Think of a consumer ad campaign, current or past, that you like or maybe even love.

Easy, isn’t it?

Now think of a business-to-business one you have similar positive feelings about.

That’s harder, wouldn’t you say?

Apart from IBM campaigns over the years, there are few b2b brands that have made an impression on me.

Every now and again I see outstanding one-off pieces such as a DM pack or a good tactical campaign. But no consistent, long-term brand building. No distinct attitude or big idea.

This is odd, since the people I’ve worked with on b2b projects are as talented, creatively and strategically, as those I’ve met in the consumer marketing world.

What’s going on? Does branding not matter in b2b? Is a certain mindset holding us back? Maybe b2b is just harder to do well than b2c.

A b2b marketer might say, “It’s lead generation and sales that matter to us. We don’t need a brand that makes people feel good.”

I think that view is short-sighted.

Why building a b2b brand matters

If you care about your sales and lead generation, then you should also care about building a brand, whether you do it through lead generation, advertising, content or other forms of marketing.

A distinctive brand helps people remember you.

It has an attitude or thought-provoking idea that sets you apart from your competitors.

It generates goodwill in your prospects.

It helps you sell to them.

Most b2c clients I’ve worked for have been keen to build a strong brand that helps them stand out from their competitors.

Could a b2c approach help you build your b2b brand?

A consumer-marketing creative solution usually involves a big idea that can work across a variety of media for years to come.

One device consumer brands sometimes use is a mascot or spokesperson, such as the meerkat for, or Beyoncé for Pepsi.

How many b2b brands can you think of use a mascot or celebrity spokesperson? I’m not saying a b2b brand must have one to succeed, but I think such devices could help.

Fortunately, some of the more modern b2b tech companies are using mascots or at least mascot-type logos, for example Android (robot), Mailchimp and Evernote (elephant).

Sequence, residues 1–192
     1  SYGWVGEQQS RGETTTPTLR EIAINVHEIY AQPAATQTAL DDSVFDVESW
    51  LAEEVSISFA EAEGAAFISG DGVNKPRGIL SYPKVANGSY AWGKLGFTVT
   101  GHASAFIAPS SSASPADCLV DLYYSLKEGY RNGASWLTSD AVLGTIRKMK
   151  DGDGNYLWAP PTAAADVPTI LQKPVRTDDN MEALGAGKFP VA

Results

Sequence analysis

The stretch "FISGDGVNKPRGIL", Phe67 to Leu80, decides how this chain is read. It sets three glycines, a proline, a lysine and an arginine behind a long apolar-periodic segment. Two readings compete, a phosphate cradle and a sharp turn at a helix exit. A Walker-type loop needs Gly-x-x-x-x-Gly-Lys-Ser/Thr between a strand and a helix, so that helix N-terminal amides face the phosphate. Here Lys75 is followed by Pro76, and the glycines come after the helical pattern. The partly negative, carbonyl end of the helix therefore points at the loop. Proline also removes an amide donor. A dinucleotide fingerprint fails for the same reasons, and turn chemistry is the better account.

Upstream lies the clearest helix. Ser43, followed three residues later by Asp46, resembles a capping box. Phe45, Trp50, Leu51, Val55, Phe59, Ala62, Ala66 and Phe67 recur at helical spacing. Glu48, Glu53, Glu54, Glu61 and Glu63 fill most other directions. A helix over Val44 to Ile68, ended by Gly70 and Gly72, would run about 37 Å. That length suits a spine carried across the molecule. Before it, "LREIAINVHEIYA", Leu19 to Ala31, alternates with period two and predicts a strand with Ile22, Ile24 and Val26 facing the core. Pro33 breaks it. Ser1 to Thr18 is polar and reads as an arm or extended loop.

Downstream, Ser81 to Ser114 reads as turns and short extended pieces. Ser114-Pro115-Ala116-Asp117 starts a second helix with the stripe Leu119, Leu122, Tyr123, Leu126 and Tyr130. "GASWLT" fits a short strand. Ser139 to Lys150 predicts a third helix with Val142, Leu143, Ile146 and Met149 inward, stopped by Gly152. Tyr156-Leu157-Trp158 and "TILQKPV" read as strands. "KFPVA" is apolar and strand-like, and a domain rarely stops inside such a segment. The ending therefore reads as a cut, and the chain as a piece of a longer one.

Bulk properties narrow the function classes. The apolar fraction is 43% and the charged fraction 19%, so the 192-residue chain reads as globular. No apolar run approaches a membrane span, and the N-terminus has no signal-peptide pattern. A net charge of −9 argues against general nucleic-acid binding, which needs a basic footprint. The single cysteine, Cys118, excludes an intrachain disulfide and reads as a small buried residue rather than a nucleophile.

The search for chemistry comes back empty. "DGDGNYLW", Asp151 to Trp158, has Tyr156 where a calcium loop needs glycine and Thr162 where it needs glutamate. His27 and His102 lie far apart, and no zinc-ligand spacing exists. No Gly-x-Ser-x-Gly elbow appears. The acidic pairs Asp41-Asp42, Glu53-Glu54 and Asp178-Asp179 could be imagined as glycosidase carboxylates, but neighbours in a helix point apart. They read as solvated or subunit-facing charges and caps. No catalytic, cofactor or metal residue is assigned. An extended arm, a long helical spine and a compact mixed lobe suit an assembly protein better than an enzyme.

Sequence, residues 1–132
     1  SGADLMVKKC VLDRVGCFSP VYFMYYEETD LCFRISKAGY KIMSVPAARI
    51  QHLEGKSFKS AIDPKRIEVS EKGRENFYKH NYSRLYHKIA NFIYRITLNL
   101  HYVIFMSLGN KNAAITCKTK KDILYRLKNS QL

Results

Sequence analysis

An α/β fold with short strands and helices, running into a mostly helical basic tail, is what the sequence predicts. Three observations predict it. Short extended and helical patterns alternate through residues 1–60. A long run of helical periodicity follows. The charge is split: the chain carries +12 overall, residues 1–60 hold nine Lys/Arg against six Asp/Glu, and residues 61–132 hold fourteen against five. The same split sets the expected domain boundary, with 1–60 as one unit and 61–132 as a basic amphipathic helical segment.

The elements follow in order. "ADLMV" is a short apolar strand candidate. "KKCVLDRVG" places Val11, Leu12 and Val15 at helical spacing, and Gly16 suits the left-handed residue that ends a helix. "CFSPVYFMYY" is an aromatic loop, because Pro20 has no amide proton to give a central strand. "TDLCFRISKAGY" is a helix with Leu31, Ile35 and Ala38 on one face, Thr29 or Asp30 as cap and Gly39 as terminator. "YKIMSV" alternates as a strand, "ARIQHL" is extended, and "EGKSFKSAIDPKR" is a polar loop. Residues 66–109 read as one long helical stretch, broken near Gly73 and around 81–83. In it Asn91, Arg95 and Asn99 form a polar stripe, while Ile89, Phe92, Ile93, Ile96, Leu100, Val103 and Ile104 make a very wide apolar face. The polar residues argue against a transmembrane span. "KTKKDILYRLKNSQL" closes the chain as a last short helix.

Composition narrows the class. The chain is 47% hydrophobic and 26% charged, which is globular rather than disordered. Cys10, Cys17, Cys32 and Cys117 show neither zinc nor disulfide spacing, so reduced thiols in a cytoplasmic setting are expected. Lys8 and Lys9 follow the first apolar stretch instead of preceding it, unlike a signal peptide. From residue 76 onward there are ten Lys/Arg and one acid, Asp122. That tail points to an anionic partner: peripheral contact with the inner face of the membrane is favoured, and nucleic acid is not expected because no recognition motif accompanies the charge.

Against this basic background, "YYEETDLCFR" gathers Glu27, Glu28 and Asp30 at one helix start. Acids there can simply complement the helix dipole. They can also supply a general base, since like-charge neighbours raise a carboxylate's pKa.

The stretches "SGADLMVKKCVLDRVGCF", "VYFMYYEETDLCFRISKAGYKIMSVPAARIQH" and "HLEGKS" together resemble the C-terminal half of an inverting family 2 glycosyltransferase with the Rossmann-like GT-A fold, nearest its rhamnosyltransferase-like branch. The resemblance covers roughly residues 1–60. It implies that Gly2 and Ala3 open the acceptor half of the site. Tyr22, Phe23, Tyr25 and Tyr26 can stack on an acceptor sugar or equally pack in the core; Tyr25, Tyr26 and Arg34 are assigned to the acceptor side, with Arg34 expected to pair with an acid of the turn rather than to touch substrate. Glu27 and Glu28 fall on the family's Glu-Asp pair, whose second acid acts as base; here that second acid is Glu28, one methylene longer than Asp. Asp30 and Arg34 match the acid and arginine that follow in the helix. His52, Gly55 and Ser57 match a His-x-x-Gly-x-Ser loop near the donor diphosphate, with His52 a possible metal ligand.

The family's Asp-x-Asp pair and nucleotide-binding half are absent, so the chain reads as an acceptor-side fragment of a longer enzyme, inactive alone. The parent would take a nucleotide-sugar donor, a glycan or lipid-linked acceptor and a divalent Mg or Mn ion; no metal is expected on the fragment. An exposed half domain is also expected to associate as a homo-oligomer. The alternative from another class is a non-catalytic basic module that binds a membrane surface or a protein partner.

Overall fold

I think that’s great, as they add some warmth and help you remember the name.

Do you think such devices lack the gravitas necessary for your audience? Then consider the banking sector, with the Lloyds Bank horse and Investec’s zebra.

If a bank can use a zebra to attract institutional investors, shouldn’t you at least consider using a mascot or spokesperson to connect with your prospects?

IBM: a great creative benchmark for b2b

Another way to build your brand is with an idea that’s relevant to your business and connects with your audience – one like IBM’s Smarter Cities campaign by Ogilvy France (below).

It’s an idea that resonates not only with the business  world but with ordinary people as well.

It helps IBM get talked about.

You don’t need IBM’s big marketing budget to have a big idea.

Small consumer-facing companies frequently build brands on small budgets.

If they can do it, b2b marketers can too.

By doing things differently from your competitors, by touching a nerve or making your audience think, you can start to own a space in your prospects’ minds.

Chances are, decision-makers (remember, they’re people too) will like your company more and want to do business with you.

That’s the value of building a b2b brand.



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